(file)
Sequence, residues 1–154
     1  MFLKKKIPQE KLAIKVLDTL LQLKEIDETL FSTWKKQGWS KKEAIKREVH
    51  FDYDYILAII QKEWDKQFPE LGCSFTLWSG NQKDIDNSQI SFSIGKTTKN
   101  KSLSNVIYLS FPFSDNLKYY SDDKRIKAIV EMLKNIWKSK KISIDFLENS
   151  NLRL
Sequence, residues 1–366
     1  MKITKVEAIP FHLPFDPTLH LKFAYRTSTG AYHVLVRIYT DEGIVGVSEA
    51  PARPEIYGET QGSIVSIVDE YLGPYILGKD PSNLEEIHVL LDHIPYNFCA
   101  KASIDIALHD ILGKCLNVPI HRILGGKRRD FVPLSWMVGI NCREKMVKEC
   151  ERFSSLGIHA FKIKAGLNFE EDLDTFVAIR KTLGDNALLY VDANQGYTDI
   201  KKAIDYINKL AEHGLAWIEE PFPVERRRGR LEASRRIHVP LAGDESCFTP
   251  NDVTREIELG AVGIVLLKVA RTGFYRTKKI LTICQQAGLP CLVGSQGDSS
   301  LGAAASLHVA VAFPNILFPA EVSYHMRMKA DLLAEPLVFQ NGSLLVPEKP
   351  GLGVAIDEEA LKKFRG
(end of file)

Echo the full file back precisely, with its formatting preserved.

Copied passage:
Sequence, residues 1–154
     1  MFLKKKIPQE KLAIKVLDTL LQLKEIDETL FSTWKKQGWS KKEAIKREVH
    51  FDYDYILAII QKEWDKQFPE LGCSFTLWSG NQKDIDNSQI SFSIGKTTKN
   101  KSLSNVIYLS FPFSDNLKYY SDDKRIKAIV EMLKNIWKSK KISIDFLENS
   151  NLRL
Sequence, residues 1–366
     1  MKITKVEAIP FHLPFDPTLH LKFAYRTSTG AYHVLVRIYT DEGIVGVSEA
    51  PARPEIYGET QGSIVSIVDE YLGPYILGKD PSNLEEIHVL LDHIPYNFCA
   101  KASIDIALHD ILGKCLNVPI HRILGGKRRD FVPLSWMVGI NCREKMVKEC
   151  ERFSSLGIHA FKIKAGLNFE EDLDTFVAIR KTLGDNALLY VDANQGYTDI
   201  KKAIDYINKL AEHGLAWIEE PFPVERRRGR LEASRRIHVP LAGDESCFTP
   251  NDVTREIELG AVGIVLLKVA RTGFYRTKKI LTICQQAGLP CLVGSQGDSS
   301  LGAAASLHVA VAFPNILFPA EVSYHMRMKA DLLAEPLVFQ NGSLLVPEKP
   351  GLGVAIDEEA LKKFRG